About the book: Masha is drowning.
Once a spirited, independent woman with a rebellious streak, her life has been forever changed by a tragic event twelve years ago.
Unable to let go of her grief, she finds solace in the silent company of the souls of her local Victorian cemetery and at the town’s lido, where she seeks refuge underwater – safe from the noise and the pain.
But a chance encounter with two extraordinary women – the fabulous and wise Kitty Muriel, a convent girl-turned-magician’s wife-turned-seventy-something-roller-disco-fanatic, and the mysterious Sally Red Shoes, a bag lady with a prodigious voice – opens up a new world of possibilities, and the chance to start living again.
Until the fateful day when the past comes roaring back..
My Review: You know those books that you literally speed read eager to find out what happens next, turning the pages super fast devouring the words? Well this is NOT one of those books. In fact this is completely the opposite. I found I was actually pacing myself and savouring the words, deliberating putting the book down several times just to think about these incredible characters and to appreciate the story-line.
This is Ruth Hogan’s second book (I loved The Keeper of Lost Things – read my review here) and I hoped that this book would be as wonderful and charming. Well, I needn’t have worried, in my opinion The Wisdom of Sally Red Shoes is absolutely wonderful and even more beautifully written. Ruth Hogan has an incredible imagination and brings to life the most fantastic, quirky and colourful characters – giving each and every one of them a voice and personality that adds depth to the story.
The main character Masha is literally drowning in grief from the tragic loss of her little boy, but throughout her despair and pain manages to inject her humour into the most unusual circumstances. My emotions were all over the place reading Masha’s story and whilst my heart broke for her, I was continually laughing at her thoughts and sense of humour.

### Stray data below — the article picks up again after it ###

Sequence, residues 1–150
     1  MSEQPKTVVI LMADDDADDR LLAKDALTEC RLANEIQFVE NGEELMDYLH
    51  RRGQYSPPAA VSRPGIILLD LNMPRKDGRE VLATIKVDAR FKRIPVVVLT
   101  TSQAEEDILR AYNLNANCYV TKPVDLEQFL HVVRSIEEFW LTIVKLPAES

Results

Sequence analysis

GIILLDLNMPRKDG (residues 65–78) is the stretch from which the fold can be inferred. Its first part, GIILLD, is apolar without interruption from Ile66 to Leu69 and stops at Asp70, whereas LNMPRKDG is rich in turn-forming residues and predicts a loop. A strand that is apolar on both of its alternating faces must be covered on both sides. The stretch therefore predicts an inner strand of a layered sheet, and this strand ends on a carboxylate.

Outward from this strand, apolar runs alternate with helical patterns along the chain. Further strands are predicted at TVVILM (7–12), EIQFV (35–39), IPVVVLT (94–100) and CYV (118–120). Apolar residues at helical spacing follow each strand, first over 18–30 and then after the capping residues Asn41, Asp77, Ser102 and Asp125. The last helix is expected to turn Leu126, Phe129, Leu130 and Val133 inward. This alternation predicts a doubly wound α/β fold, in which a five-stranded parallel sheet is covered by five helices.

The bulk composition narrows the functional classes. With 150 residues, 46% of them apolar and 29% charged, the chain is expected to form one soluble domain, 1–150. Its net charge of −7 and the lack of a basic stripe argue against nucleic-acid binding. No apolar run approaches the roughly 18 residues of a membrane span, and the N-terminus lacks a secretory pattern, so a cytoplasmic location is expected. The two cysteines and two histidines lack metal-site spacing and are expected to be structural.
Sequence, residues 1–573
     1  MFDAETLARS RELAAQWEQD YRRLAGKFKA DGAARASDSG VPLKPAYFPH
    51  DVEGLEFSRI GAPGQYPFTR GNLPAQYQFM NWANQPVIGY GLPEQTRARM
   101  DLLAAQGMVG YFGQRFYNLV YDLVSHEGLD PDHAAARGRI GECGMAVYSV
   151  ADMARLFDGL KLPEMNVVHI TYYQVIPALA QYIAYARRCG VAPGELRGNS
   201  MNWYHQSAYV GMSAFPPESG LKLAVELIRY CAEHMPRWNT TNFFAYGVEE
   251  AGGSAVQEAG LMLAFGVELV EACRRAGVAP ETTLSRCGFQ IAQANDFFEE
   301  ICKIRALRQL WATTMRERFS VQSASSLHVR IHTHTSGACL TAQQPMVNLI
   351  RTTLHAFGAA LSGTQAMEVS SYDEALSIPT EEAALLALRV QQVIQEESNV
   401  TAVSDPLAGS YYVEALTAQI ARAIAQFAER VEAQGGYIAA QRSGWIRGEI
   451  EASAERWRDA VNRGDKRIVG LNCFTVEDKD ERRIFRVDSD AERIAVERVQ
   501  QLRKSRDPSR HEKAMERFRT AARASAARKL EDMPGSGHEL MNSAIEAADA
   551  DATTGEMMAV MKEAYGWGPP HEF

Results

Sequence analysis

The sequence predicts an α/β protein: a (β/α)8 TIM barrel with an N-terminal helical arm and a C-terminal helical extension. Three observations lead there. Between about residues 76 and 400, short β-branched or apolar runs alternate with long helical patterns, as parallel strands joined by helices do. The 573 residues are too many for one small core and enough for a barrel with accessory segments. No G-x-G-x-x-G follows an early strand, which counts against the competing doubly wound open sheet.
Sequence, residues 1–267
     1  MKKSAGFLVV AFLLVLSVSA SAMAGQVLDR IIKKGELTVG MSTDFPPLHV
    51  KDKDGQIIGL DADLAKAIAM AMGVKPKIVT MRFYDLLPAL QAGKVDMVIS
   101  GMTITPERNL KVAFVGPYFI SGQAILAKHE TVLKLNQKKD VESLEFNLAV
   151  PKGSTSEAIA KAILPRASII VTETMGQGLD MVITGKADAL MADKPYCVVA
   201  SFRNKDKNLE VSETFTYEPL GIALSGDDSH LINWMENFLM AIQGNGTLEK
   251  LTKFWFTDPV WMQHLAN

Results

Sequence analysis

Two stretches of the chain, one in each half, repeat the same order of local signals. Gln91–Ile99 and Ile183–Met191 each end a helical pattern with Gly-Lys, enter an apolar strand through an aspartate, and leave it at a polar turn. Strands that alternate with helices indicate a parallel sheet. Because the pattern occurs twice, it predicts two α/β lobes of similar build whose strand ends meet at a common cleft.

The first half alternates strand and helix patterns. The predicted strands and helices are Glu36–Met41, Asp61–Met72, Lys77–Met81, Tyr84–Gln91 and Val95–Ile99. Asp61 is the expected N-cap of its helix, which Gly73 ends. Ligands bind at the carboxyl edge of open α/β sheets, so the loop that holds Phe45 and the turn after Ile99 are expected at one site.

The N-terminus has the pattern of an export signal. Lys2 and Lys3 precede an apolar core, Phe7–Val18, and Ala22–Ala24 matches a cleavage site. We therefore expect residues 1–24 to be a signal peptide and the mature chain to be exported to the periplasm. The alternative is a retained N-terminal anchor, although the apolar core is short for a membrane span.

If I have one complaint about this book it’s quite simply that there was not enough of Sally Red Shoes – I wanted more. I loved her character, her personality, her inappropriate swearing and think she deserves her own book!
An emotional and heartbreaking story about loss, love, letting go and living life. Absolutely LOVED it.
About Ruth Hogan: I was born in the house where my parents still live in Bedford: my sister was so pleased to have a sibling that she threw a thrupenny bit at me. As a child I read everything I could lay my hands on: The Moomintrolls, A Hundred Million Francs, The Lion, The Witch and The Wardrobe, the back of cereal packets and gravestones. I was mad about dogs and horses, but didn’t like daddy-long-legs or sugar in my tea.
I studied English and Drama at Goldsmiths College which was brilliant, but then I came home and got a ‘proper’ job. I worked for ten years in a senior local government position (I was definitely a square peg in a round hole, but it paid the bills and mortgage) before a car accident left me unable to work full-time and convinced me to start writing seriously. It was going well, but then in 2012 I got cancer, which was bloody inconvenient but precipitated an exciting hair journey from bald to a peroxide blonde Annie Lennox crop. When chemo kept me up all night I passed the time writing and the eventual result was The Keeper of Lost Things.
I live in a chaotic Victorian house with an assortment of rescue dogs and my long-suffering partner (who has very recently become my husband – so I can’t be that bad!) I am a magpie, always collecting treasures, and a huge John Betjeman fan. My favourite word is ‘antimacassar’ and I still like reading gravestones.